I guess while im at it , Ill touch on the subject a little . I dont feel ordering the soy chicken and expecting it to be soy was that far off base. Its not like I walked into a kosher restaurant and asked for pork chops. In my experiences, I have been to many chinese restaurants that offer these things. Being a new restaurant to me, I should have asked the questions, but, whatever .
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Old 07-01-2008, 08:56 AM   #36
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I've never seen 'soy chicken' referred to anything other than a soy based chicken like product. Sure, chinese restaurants use soy with chicken, but they do that in all their sauces, for the most part. You see sesame chicken, or orange chicken, or kung pao chicken. I've never seen it written 'soy chicken' unless it was faux chicken.
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Old 07-01-2008, 09:47 AM   #37
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Quote:
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I've never seen 'soy chicken' referred to anything other than a soy based chicken like product. Sure, chinese restaurants use soy with chicken, but they do that in all their sauces, for the most part. You see sesame chicken, or orange chicken, or kung pao chicken. I've never seen it written 'soy chicken' unless it was faux chicken.
And I have never seen soy chicken refer to anything other than soy sauce chicken. The restaurants I go to say what the dish is. Faux chicken is not chicken. It is something else (whatever that kitchen makes it out of). If it is tofu being subbed as chicken then the menu says tofu. If it is something else being subbed as chicken then they call it whatever that something else is. This is much less confusing as the dish is what it says it is. Soy chicken (as in faux chicken) is not chicken so why call it that?
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Old 07-01-2008, 10:19 AM   #38
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Lulu, I think that you hit this one smack on. I would have assumed that soy chicken would be chicken with soy sauce. Similar to teryiaki chicken. If the restaurant wants a lot of angry customers, try serving a bean dish when everyone is expecting sauced chicken. Those with special requirements should be aware that it is their obligation to ask the questions. Many restaurants have a vegetarian menu these days. That might be a suggestion that you could communicate to the manager that may be taken seriously.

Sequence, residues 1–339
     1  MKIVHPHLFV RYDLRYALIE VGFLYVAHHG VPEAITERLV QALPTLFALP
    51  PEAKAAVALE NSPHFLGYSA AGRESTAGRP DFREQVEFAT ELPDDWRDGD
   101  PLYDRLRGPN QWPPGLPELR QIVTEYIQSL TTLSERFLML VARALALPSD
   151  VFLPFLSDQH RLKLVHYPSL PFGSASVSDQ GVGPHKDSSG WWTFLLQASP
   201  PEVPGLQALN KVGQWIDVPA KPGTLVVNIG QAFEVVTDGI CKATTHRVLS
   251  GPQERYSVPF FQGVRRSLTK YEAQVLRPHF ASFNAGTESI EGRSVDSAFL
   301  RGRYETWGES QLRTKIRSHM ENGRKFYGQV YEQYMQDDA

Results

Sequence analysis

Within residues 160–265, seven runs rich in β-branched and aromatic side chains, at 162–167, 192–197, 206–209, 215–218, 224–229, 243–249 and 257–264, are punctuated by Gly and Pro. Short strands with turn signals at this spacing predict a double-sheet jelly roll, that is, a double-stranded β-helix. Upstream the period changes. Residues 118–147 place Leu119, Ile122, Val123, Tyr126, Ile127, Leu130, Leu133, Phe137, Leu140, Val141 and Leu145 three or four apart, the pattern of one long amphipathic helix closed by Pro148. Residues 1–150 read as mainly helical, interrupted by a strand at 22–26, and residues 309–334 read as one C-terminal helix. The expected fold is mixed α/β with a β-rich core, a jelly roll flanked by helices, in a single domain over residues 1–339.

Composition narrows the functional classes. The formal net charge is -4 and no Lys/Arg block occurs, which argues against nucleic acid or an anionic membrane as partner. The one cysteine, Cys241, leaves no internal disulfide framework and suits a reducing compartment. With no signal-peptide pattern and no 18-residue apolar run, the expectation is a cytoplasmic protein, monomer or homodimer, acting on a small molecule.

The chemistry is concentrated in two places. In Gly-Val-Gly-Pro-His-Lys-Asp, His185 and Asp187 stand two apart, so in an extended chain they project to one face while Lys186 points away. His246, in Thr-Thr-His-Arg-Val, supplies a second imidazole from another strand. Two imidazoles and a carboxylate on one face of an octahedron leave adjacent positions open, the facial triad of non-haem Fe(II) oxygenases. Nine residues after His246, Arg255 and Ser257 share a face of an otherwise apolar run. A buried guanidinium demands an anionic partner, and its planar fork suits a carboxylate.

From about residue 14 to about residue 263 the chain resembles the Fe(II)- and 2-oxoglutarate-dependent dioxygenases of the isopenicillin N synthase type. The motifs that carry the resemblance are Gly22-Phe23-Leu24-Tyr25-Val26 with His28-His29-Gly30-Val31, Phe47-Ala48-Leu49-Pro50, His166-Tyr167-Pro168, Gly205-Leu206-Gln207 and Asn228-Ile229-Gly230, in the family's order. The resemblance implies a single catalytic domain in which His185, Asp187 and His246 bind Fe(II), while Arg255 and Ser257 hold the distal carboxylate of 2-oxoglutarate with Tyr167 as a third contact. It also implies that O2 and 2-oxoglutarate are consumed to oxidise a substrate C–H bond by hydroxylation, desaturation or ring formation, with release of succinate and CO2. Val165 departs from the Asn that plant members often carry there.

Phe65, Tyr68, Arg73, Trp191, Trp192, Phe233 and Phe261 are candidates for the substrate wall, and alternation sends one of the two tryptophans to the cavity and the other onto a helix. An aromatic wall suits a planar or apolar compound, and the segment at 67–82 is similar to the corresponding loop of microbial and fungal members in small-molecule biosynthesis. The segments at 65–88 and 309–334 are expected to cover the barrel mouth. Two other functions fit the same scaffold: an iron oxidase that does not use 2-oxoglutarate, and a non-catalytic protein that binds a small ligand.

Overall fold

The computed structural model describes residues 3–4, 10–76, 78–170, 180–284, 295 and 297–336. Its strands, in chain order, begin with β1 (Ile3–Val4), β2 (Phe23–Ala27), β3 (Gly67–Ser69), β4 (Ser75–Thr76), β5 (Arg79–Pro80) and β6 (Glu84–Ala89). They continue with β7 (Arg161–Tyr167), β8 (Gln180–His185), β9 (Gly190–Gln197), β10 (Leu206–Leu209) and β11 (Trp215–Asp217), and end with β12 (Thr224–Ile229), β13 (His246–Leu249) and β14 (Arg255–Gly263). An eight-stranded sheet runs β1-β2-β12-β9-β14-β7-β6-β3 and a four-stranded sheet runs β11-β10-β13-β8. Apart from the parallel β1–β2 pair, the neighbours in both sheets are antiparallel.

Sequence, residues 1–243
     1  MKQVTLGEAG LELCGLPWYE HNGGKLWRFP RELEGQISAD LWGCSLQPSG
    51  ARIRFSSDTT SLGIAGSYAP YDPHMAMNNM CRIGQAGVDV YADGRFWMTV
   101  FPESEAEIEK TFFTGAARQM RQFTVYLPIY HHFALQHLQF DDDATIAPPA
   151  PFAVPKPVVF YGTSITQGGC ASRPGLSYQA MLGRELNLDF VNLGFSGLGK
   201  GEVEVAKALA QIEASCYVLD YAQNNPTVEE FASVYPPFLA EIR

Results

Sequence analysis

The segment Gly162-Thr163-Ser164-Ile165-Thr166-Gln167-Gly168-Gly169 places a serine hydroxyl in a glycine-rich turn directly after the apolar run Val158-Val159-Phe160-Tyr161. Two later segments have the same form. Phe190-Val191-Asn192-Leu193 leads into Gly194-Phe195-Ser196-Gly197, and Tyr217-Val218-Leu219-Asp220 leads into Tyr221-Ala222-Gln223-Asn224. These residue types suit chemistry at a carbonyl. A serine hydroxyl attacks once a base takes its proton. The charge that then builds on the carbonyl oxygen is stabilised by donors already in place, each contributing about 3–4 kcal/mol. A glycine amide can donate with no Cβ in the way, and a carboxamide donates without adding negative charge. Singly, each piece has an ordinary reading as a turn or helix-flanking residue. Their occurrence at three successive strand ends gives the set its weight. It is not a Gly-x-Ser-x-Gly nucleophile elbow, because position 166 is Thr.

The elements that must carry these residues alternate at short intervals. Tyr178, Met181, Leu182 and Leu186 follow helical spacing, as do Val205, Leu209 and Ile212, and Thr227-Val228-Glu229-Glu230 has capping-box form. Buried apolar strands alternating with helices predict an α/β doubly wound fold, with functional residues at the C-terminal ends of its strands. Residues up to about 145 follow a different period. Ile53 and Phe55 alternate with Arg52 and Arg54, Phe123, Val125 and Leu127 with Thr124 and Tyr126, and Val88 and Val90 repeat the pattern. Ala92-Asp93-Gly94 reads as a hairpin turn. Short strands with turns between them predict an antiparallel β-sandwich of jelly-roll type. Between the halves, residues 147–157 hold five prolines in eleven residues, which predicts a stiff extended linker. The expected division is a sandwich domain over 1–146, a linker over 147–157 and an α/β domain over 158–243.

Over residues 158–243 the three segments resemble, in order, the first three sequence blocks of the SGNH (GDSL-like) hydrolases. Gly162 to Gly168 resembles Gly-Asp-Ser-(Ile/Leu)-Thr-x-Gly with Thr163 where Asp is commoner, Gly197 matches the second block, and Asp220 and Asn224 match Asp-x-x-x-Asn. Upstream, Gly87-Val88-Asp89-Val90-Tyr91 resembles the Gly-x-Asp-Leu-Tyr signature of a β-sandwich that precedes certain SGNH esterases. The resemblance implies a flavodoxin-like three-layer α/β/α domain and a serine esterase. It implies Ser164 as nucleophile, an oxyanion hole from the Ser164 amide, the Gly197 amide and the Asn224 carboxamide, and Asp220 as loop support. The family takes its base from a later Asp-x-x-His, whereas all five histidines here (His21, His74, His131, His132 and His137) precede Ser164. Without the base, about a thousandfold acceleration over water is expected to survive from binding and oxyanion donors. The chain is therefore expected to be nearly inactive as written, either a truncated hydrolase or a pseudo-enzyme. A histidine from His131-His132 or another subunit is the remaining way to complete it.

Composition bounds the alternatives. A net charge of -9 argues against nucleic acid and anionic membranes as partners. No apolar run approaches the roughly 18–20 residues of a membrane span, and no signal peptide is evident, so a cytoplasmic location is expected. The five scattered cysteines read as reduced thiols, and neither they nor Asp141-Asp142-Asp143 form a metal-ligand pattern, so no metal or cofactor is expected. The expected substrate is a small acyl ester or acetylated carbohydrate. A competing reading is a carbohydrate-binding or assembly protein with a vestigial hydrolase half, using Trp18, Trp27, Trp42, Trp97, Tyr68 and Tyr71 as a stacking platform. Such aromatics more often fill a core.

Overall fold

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Old 07-01-2008, 11:28 AM   #39
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Originally Posted by VeraBlue View Post
I've never seen 'soy chicken' referred to anything other than a soy based chicken like product. Sure, chinese restaurants use soy with chicken, but they do that in all their sauces, for the most part. You see sesame chicken, or orange chicken, or kung pao chicken. I've never seen it written 'soy chicken' unless it was faux chicken.

"Soy chicken" is a very common term used to describe chicken marinated/cooked in soy sauce.

Just exactly the kind of thing you'd expect in a Chinese restaurant.

It's also quite commonly called "soy sauce" chicken, which would have been immensely helpful in the present situation, but quite often the word "sauce" is left out.
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Old 07-01-2008, 01:01 PM   #40
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In addition, Im quite aware that many dishes use chicken broth, or other things that wouldnt be considered vegetarian. Sure I try to avoid it, but unfortunately for me, Unless the restaurant claims to be vegan, or has a separate vegetarian menu, I have to assume that there is cross contamination or ingredients i normally would avoid. I do the best I can to be vegetarian in a not vegetarian society.
Larry, thanks for responding to ironchef's reminder about chicken stock, etc. I WAS curious about your feelings on that!

Lee